YellowForever

"The trouble is that we have a bad habit, encouraged by pendants and sophisticates, of considering happiness as something rather stupid. Only pain is intellectual, only evil interesting. This is the treason of the artist: a refusal to admit the banality of evil and the terrible boredom of pain."
Ursula K. Le Guin (via observando)

(via savedher)

— 5 days ago with 1175 notes

People always make Juliet out to be dumb in Romeo and Juliet, but I think she at least had some sense where Romeo didn't have much of any

Romeo:I was thinking about this chick earlier who I said I was in love with but now I love that girl over there that is very likely to either belong to my family's enemy or be close with my family's enemy as it is their party I am crashing
Juliet:I do not like being so young and forced into a relationship with an older man, but oh there's a cute guy more my age over there. And since he's here he must have been invited and is there for a reasonable love match for myself
--
Romeo:We should kiss right now at this party
Juliet:No that is a super dumb idea
Romeo:*kisses her anyway*
Juliet:That was dumb of you
--
Romeo:We should get married right now
Juliet:We don't know each other. Shouldn't we wait until at least a little time has passed?
Romeo:Like tomorrow?
Juliet:Sure, fine.
--
Juliet:We're married now, so we have to try and make things better between our families.
Romeo:Right.
Romeo:It seems I have killed your cousin and am now exiled.
--
Juliet:Ok so since Romeo fucked up I'm gonna fix this shit by taking a harmless sleeping liquid. He'll come and get me and we can go away together.
Romeo:*immediately kills himself*
Juliet:For fucks sake.
— 5 days ago with 40504 notes
fleurdulys:

The human enigma: The Silence - Giorgio Kienerk
1900

fleurdulys:

The human enigma: The Silence - Giorgio Kienerk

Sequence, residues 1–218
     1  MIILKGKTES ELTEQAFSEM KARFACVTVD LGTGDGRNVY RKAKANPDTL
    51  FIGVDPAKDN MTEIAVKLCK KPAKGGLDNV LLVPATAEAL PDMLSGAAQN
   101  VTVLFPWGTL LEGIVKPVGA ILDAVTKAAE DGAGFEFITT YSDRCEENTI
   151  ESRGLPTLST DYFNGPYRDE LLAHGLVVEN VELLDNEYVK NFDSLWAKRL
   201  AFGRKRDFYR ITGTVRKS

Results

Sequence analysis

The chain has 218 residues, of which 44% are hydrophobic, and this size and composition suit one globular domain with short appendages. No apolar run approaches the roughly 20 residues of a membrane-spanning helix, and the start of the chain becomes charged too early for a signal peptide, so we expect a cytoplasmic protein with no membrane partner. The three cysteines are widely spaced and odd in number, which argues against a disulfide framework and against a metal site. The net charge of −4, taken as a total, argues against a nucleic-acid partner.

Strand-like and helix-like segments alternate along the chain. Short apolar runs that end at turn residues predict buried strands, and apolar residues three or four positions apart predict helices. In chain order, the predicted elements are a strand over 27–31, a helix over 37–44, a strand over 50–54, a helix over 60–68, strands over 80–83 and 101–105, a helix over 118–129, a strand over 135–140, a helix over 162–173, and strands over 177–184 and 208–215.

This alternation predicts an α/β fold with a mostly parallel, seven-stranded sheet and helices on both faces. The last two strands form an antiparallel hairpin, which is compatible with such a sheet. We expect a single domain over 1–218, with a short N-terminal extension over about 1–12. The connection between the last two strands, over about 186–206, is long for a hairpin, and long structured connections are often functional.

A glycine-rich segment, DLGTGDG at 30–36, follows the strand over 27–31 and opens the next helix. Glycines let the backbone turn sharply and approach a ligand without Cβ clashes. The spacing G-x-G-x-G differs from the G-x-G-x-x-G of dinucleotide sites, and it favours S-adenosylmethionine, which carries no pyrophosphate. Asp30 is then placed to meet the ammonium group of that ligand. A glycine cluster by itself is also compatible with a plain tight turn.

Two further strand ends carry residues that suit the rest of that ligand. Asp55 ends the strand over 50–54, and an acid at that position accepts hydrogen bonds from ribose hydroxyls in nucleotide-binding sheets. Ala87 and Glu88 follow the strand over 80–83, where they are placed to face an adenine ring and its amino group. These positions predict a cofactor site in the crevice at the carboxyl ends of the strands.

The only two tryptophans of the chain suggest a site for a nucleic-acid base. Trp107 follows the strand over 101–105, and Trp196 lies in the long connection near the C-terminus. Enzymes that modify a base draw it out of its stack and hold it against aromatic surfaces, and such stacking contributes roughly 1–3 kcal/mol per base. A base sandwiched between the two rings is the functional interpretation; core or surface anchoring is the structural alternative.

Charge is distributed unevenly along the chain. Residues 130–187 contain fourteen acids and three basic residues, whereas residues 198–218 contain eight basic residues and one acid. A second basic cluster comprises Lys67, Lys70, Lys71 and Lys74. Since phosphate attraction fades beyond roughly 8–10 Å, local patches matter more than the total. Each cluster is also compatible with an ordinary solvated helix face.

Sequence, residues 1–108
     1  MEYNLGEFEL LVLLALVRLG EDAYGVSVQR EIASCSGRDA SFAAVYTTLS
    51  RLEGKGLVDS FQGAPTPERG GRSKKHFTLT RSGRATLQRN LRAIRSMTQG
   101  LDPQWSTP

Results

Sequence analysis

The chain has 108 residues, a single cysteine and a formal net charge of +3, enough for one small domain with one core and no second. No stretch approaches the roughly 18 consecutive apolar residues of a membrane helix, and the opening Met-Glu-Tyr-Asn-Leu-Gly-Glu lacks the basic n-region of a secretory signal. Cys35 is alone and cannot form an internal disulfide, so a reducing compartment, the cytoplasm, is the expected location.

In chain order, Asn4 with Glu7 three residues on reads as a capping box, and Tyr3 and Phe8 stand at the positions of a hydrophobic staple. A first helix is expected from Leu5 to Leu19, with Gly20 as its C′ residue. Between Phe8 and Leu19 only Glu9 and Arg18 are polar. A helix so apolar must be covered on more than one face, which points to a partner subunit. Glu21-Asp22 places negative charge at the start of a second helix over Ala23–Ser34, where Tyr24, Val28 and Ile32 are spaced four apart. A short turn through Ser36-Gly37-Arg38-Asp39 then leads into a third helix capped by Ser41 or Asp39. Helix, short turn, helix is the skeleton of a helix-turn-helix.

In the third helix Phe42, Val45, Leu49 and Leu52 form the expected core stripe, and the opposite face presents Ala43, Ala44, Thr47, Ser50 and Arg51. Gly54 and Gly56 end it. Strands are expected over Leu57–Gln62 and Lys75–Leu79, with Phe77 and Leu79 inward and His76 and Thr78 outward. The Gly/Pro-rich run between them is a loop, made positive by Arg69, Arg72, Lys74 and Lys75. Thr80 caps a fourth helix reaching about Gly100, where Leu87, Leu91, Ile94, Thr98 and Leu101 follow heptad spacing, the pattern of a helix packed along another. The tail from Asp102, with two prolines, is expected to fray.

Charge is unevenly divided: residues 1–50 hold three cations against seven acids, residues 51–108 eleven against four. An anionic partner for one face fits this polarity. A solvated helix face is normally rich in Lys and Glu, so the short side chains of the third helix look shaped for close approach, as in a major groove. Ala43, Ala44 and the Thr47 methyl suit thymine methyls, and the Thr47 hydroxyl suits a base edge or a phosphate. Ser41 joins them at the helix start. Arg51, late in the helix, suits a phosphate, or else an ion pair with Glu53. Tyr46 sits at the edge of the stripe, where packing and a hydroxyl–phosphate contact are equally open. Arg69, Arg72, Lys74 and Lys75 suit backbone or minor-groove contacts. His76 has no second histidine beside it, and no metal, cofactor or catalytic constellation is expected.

1900

(via thewindysideofcare)

— 5 days ago with 655 notes

charleypollard:

i want female villains whose backstory don’t revolve around men breaking their hearts or wanting to be more beautiful than another girl  i want female villains who are evil for the fun of it and i want female villains with tragic backstories that don’t revolve around men i want female villains with backstories and motives just as diverse and complex as male villains i’m so sick of female villains who are only motivated by men and girlhate

(Source: steveeugenecarlsberg, via scrumtrulescent)

— 5 days ago with 182627 notes

top500songs:

105.

"The Boxer" was released by American folk rock duo Simon & Garfunkel in 1970 as the sixth track on their fifth studio album "Bridge over Troubled Water" through Columbia Records. It was written by lead vocalist and guitarist Paul Simon. The song peaked at number 7 on the US Billboard Hot 100 Chart.

(via theteastainedpages)

— 5 days ago with 294 notes
#music 

The rendezvous, Pierre-Charles Comte. French (1853 - 1895)

The rendezvous, Pierre-Charles Comte. French (1853 - 1895)

(Source: poboh, via seabois)

— 5 days ago with 893 notes
baciodellarte:

The Birth of Venus, circa 1879, William-Adolphe Bouguereau

The Birth of Venus (French: La Naissance de Vénus) is one of the most famous paintings by 19th-century painter William-Adolphe Bouguereau. It depicts not the actual birth of Venus from the sea, but her transportation in a shell, as a fully mature woman, from the sea to Paphos in Cyprus. She is considered the epitome of the finest expressions of the Classical Greek and Roman ideal of the female form and beauty, on a par with Venus de Milo. For Bouguereau, it is considered a tour de force. The canvas stands at just over 9 ft 10 in (3.00 m) high, and 7 ft 2 in (2.18 m) wide. The subject matter, as well as the composition, resembles a previous rendition of this subject, Sandro Botticelli’s The Birth of Venus, as well as Raphael’s The Triumph of Galatea.

baciodellarte:

The Birth of Venus, circa 1879, William-Adolphe Bouguereau

The Birth of Venus (French: La Naissance de Vénus) is one of the most famous paintings by 19th-century painter William-Adolphe Bouguereau. It depicts not the actual birth of Venus from the sea, but her transportation in a shell, as a fully mature woman, from the sea to Paphos in Cyprus. She is considered the epitome of the finest expressions of the Classical Greek and Roman ideal of the female form and beauty, on a par with Venus de Milo. For Bouguereau, it is considered a tour de force. The canvas stands at just over 9 ft 10 in (3.00 m) high, and 7 ft 2 in (2.18 m) wide. The subject matter, as well as the composition, resembles a previous rendition of this subject, Sandro Botticelli’s The Birth of Venus, as well as Raphael’s The Triumph of Galatea.

(via seabois)

— 5 days ago with 2084 notes
mad-moiselle-bulle:

Noè Bordignon (Italian, 1841-1920), Primavera (detail, ca. 1890).

mad-moiselle-bulle:

Noè Bordignon (Italian, 1841-1920), Primavera (detail, ca. 1890).

(via seabois)

— 5 days ago with 2040 notes
#art